What Video Games Should Be In The Video Game Hall Of Fame?

A staff roundtable.

Last week, six video games were elected to the inaugural Video Game Hall of Fame class. Today, the Inverse staff is pulling out which games they think should make the Hall.

Sean Hutchinson: “Blades of Steel” (1988, NES): I’m going to nominate the classic Nintendo hockey game Blades of Steel, the non-NHL-approved video game that was known mostly for how many fights you could get in instead of actual gameplay. My cousins and I played this game so much but I’ve never heard anyone else talk about it, which makes me think that we were the only ones that played it. This probably isn’t the best choice, or anybody’s choice, but it’s my choice. 

Eric Francisco: “Shenmue” (2000, Sega Dreamcast): Yu Suzuki’s “Shenmue” is a masterpiece. Beloved only by the hardcore gamers who were lucky to live during the Sega Dreamcast’s lifespan, “Shenmue” should be recognized as a technical achievement. Its lasting legacy, open-world exploration, paved the way for the success of “Grand Theft Auto,” “The Elder Scrolls,” “Assassin’s Creed,” and countless more.

Beyond its technical prowess, thematically “Shenmue” was a beautiful, breathtaking modern fantasy. Its fusion of Japanese and Chinese folk set against a modern, sprawling urban environment colored its classic revenge tale that felt straight out of a kung-fu movie. Its story was part Scorsese, part Kurosawa, and a hint of high school-level Shakespeare. We may never see Ryo Hazuki avenge his father’s death, but we’ll always remember the journey.

Corban Goble: “Super Smash Brothers (1999, N64): My working theory is this — the best game of all time should probably be in the Hall of Fame for games.

Marco Verch ( - Creative Commons, Some Rights Reserved

Photo Credit: Marco Verch, Creative Commons License Some Rights Reserved

Ben Guarino: “League of Legends,” (2009, PC): Riot’s “League of Legends” is neither the first nor only multiplayer battle arena, but since it launched in 2009 it has swollen far beyond the competition to gargantuan size: In 2014, the last time Riot released numbers, it claimed that 67 million people played it every month. At its best, the game’s colorful characters and dance of battleground feints crackles for gamers and spectators alike — sorry, Twitch plays Pokemon, but without “League of Legends” there is no $1 billion Amazon buyout. At its worst, it’s a toxic hive of trolling and rage, not to mention Justin Bieber declaring his love for an assassin fox named Teemo. “LoL” introduced college scholarships to gamers, cosplayers to polyethylene armor, and wrists to carpal tunnel syndrome. It is a game for our time.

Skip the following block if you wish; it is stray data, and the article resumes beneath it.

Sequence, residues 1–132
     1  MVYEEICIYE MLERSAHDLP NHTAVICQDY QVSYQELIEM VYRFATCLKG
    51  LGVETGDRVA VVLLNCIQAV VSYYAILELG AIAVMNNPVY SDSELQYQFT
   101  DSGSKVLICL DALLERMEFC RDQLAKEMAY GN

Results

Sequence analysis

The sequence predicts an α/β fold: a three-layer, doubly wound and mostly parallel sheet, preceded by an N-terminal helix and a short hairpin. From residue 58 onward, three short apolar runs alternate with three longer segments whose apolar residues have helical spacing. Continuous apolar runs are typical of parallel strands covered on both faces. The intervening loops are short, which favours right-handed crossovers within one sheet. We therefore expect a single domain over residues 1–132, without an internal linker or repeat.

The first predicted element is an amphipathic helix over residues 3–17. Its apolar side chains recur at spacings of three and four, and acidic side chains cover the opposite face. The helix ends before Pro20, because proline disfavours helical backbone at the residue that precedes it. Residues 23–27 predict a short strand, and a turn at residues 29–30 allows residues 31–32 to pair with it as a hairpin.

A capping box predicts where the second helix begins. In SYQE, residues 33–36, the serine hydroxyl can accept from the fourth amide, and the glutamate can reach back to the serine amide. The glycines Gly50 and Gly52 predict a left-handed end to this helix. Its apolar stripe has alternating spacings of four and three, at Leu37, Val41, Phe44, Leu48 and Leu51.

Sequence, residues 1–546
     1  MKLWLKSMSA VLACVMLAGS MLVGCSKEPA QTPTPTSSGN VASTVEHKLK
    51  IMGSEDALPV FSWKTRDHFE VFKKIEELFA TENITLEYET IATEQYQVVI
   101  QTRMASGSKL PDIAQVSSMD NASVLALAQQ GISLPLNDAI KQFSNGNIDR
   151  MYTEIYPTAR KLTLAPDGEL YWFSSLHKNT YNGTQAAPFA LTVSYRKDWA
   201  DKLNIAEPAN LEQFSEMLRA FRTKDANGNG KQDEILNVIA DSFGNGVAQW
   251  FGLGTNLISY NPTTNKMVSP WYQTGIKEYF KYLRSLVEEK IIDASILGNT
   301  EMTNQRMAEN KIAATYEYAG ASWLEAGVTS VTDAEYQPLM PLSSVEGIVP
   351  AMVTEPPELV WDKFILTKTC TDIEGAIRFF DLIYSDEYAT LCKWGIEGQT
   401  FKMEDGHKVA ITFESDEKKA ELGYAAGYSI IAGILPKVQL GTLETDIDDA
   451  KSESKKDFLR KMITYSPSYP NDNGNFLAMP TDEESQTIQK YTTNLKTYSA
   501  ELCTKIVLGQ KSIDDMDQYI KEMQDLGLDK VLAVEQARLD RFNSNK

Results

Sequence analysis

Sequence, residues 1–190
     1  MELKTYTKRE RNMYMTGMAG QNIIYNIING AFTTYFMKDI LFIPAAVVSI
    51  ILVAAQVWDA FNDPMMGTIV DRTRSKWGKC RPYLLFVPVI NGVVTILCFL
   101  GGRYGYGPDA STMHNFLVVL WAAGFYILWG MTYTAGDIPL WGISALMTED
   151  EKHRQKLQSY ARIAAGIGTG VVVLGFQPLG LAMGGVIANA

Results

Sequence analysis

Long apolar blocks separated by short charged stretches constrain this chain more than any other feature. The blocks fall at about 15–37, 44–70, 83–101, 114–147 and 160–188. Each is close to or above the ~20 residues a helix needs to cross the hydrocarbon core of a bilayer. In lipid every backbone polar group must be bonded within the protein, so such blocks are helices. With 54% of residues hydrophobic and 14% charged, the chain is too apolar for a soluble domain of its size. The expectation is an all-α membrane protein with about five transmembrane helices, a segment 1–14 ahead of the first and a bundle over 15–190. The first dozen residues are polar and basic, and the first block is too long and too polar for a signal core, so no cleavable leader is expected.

Andrew Burmon: “GoldenEye” (1997, N64): “GoldenEye” was ubiquitous in the late nineties and early aughts, a universal way for pubescent males to hurt each other without doing lasting physical damage. As a person who went through puberty eventually I owe a lot to the developers at Rare. Without their handiwork, I presumably would have spent more time beneath people considerably larger than myself. What remains remarkable about the game, which is hot garbage in one player mode, is it’s ability to serve as a stress relief. My fiance and I used to play it instead of fighting. Our relationship is built on lies, but consider how remarkable it is that a decade after its debuts “GoldenEye” remains an easy, relaxing way to shoot someone else in the head. And, let’s be clear, that is the point of the game: killing people in elaborate way. As a pretty crap gamer, I’ve always favored “Power Weapons,” but the kneel and slap strategy remains pretty much unbeatable. GoldenEye proves that completely graceful game design isn’t really necessary. All we really want is to shoot each other. It’s just that simple.

Sam Eifling: “Metroid” (1986, NES): If I were trying to predict what the hall of fame might call up next year, of course I’d pick from the finalists who didn’t make it last year: I suspect that on its merits “The Legend of Zelda” was the hardest for the voters to reject, with “Sonic the Hedgehog” close behind, maybe “Space Invaders” in that mix. Somehow the “Madden” series hasn’t been nominated yet; that won’t last long. We’re still talking early classes in this hall of fame, so maybe we shouldn’t stray too far off the canon: If I had to pick one game to skip to the front of the line, I’ll the case for “Metroid,” the original Nintendo deep-space maze game, which along with “Zelda” one of the first to allow omnidirectional freedom of movement (with no mapping function, in those days) and also one of the most durable franchises in gaming.

Not only was “Metroid” absolutely tough as shit to beat, it instilled an atmosphere of almost Gigeresque Alien-style horror that Nintendo games at the time lacked. Its titular aliens were basically floating, fanged jellyfish that needed to be frozen to be killed; left to their devices, they’d engulf your bounty-hunter protagonist, Samus Aran, and vampire-squid your life force away. Perhaps in another nod to Alien’s Ellen Ripley: Samus was a woman, perhaps the first of her stature as the hero in a Nintendo game, a fact that you learned only during an end-credits sequence when she removed her helmet. This was a surprisingly covert sliver of feminism to inject into shoot-‘em-up gaming for kids in the mid-1980s. Dude, you were playing as a chick the whole time and didn’t even know it.

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